* Q3 EPS 89 cents vs 90 cents view of Wall St
* Trims 2009 EPS guidance to $3.75 to $3.90
* Sets 2010 guidance at $3.20 to $3.60 per share
* End Q3 backlog $28 bln vs $30.9 bln at end Q2
* Shares drop 6 pct in after-hours trading (Adds share price, executive quote, analyst views, byline)
By Braden Reddall
SAN FRANCISCO, Nov 9 (Reuters) - Fluor Corp FLR.N posted a lower quarterly profit as energy project spending slowed with the drop in oil and gas prices, and the largest publicly traded U.S. engineering company forecast weaker profits for this year and 2010.
Backlog at the end of the third quarter fell to $28 billion, versus $30.9 billion three months before and down 23 percent from a year ago, the company said on Monday.
Fluor removed $1.2 billion from its backlog due to an indefinitely delayed Russian gas processing expansion. The company also took a $45 million provision due to a collection issue with the completed revamp of a paper mill.
Third-quarter net profit fell to $162 million, or 89 cents per share, from $182 million, or $1.00 per share, in the same quarter a year before. Revenue fell 4 percent to $5.42 billion. Analysts had expected 90 cents per share on revenue of $5.49 billion, according to the averages on Thomson Reuters I/B/E/S.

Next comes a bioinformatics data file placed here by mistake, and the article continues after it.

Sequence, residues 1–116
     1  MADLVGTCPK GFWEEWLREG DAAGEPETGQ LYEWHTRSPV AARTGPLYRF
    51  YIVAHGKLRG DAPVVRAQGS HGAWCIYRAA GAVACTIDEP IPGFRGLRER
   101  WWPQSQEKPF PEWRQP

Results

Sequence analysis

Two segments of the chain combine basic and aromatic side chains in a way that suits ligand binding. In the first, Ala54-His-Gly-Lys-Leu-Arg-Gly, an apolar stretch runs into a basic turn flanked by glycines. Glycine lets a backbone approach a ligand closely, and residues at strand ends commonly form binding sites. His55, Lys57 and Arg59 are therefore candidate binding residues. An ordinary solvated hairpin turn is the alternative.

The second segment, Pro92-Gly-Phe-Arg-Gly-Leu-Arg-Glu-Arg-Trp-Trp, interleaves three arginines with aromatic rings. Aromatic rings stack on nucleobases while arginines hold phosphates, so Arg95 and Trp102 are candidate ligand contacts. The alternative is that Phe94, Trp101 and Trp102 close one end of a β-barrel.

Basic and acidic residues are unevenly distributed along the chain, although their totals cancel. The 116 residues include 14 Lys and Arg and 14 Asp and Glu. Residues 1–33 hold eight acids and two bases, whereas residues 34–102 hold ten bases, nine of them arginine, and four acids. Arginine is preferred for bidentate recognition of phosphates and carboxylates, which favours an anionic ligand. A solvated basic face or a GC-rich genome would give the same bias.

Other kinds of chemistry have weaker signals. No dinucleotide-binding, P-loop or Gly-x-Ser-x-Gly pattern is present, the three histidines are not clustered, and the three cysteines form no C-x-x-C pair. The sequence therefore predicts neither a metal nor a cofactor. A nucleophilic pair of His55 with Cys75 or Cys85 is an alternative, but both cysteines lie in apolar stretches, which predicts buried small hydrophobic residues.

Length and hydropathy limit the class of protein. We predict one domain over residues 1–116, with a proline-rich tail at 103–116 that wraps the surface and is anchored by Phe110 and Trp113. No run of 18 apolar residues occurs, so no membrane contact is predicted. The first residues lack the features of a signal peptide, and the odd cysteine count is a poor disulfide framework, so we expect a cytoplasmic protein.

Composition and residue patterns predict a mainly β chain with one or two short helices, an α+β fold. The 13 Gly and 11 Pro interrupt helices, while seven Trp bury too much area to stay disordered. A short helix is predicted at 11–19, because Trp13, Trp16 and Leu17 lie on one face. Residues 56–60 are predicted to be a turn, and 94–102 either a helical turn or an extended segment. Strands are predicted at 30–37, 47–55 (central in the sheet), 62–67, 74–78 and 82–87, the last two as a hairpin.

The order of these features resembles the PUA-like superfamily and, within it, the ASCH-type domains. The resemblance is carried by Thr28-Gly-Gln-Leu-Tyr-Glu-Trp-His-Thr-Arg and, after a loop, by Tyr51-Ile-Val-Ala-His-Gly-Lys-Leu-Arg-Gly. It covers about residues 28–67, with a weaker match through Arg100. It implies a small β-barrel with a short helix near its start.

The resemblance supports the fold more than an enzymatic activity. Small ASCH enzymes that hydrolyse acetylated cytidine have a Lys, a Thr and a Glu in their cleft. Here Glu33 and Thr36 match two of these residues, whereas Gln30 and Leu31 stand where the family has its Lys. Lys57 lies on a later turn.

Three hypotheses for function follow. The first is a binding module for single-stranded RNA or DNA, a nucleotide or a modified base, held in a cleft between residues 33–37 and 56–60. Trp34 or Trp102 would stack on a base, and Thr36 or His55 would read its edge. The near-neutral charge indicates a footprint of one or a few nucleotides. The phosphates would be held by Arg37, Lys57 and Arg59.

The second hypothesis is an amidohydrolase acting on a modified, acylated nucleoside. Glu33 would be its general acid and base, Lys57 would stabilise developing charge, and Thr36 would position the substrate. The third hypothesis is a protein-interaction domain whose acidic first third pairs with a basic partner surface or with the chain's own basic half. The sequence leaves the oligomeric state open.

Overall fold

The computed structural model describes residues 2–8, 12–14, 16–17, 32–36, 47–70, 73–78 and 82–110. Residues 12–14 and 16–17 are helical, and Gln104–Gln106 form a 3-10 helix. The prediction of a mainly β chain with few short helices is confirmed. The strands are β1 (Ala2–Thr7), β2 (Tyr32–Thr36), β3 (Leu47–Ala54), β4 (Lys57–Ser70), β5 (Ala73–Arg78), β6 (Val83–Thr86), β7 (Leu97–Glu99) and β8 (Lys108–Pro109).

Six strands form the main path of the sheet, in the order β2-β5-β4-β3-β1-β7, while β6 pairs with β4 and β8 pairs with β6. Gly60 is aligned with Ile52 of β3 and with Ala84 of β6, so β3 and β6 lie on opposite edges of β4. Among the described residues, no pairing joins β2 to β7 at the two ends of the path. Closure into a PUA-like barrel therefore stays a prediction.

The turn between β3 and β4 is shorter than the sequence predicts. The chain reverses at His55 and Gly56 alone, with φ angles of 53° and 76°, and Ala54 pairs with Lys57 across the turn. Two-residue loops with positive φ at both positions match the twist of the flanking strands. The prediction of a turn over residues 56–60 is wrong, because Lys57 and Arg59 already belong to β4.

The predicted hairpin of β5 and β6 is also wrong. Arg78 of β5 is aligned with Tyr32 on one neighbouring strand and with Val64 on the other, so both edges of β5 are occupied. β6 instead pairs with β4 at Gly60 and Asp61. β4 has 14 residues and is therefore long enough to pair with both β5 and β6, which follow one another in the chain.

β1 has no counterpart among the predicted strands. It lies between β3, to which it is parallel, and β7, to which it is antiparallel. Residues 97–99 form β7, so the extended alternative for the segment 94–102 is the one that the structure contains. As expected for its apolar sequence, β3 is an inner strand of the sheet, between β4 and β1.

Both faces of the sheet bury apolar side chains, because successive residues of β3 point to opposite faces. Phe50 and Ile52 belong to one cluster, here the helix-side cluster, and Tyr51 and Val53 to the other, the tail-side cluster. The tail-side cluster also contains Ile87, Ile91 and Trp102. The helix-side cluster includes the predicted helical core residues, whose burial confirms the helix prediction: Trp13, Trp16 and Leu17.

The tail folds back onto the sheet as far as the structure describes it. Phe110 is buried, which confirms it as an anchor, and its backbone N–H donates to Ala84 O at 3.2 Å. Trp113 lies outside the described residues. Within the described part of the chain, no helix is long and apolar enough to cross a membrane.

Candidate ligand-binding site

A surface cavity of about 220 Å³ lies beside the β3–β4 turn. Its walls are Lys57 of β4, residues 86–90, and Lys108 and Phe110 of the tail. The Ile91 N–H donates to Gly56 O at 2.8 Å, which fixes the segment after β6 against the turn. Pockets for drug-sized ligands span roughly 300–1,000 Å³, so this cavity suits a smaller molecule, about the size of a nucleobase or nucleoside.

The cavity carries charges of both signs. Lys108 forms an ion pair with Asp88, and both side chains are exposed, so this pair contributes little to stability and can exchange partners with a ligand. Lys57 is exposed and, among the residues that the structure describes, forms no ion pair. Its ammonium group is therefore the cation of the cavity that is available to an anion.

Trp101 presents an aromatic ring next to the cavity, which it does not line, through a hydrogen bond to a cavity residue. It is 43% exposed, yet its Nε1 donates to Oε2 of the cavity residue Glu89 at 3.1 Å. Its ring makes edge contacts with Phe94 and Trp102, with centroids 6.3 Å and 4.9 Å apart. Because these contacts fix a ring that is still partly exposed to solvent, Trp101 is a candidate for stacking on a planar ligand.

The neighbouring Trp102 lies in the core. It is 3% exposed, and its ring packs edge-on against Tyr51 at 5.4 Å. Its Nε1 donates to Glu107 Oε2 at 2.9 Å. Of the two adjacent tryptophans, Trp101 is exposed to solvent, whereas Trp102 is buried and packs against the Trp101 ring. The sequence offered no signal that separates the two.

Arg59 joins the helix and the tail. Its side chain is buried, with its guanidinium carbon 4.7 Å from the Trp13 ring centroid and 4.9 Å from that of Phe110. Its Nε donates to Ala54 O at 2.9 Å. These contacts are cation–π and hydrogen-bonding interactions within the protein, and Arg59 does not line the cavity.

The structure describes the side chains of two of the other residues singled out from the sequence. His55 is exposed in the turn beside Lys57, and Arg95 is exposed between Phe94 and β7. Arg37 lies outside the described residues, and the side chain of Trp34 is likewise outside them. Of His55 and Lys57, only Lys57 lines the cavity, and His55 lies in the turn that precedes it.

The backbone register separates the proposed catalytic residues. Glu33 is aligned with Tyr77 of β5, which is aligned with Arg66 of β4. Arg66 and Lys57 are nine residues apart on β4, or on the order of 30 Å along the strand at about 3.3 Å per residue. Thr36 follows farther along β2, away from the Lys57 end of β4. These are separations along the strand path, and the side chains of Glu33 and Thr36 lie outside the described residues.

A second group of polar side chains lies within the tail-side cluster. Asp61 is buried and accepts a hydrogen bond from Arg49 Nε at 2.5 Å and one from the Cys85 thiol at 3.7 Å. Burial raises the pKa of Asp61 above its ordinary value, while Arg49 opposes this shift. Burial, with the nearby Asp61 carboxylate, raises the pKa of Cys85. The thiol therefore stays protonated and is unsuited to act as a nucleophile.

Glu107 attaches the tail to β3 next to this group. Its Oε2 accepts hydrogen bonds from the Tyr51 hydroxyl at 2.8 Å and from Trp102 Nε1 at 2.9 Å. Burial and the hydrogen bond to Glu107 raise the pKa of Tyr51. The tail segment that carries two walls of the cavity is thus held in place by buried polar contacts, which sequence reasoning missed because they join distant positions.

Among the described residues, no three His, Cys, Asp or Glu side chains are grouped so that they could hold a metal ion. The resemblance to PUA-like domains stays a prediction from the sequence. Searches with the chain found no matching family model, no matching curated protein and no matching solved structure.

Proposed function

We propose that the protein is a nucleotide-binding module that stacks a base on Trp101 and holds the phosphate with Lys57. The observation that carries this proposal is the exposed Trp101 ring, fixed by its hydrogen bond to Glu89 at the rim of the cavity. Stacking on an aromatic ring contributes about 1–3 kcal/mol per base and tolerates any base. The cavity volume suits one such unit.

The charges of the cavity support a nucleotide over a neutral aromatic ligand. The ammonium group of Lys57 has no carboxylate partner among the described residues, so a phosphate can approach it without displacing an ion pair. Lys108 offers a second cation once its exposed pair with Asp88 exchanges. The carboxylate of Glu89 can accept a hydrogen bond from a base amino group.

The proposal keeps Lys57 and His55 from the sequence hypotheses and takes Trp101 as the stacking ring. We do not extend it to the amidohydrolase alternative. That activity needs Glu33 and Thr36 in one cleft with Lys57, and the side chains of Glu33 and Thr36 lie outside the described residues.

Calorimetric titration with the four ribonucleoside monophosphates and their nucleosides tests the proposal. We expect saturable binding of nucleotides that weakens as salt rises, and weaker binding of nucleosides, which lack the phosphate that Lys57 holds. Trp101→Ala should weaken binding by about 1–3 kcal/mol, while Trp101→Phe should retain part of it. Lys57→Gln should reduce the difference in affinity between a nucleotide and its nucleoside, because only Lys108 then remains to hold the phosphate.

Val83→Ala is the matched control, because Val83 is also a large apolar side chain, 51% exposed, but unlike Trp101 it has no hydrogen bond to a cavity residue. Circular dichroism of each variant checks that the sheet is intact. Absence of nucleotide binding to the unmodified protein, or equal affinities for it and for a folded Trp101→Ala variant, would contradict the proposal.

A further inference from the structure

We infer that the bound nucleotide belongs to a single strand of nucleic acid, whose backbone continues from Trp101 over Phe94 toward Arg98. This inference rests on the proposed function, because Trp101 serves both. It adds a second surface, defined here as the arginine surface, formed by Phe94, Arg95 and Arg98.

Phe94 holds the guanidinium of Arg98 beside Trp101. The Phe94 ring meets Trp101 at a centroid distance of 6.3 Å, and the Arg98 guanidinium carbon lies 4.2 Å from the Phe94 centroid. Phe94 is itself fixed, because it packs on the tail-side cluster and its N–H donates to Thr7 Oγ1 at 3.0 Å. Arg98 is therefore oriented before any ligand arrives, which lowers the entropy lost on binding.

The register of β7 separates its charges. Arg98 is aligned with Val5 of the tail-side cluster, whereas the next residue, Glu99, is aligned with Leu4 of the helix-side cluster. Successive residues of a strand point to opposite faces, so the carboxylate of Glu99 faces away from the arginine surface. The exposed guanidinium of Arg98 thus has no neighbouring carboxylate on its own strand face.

The Irving, Texas-based company trimmed its 2009 earnings forecast to $3.75 to $3.90 per share from a range of $3.80 to $4.10, which it had reaffirmed in August. The company set 2010 profit guidance at $3.20 to $3.60 per share.
Analysts, on average, had been targeting profits of $3.85 per share for this year and $3.58 for 2010.
“Looking ahead to 2010, we are taking a cautious view of our markets at this time, but remain hopeful that a broader economic recovery will develop during the year,” Chief Executive Alan Boeckmann said in a statement.
Fluor also said it had named David Seaton, currently senior group president for energy, chemicals, power and government, as its chief operating officer.
The Irving, Texas-based company said last week it had been chosen to engineer and manage the construction of a key part of the Bergermeer project, a big Dutch gas facility that is expected to cost more than $1 billion. [ID:nN03458208]
The company’s shares were trading at $45.10 in late trading after closing 5.75 percent higher at $48.01. (Reporting by Braden Reddall; editing by Steve Orlofsky and Andre Grenon)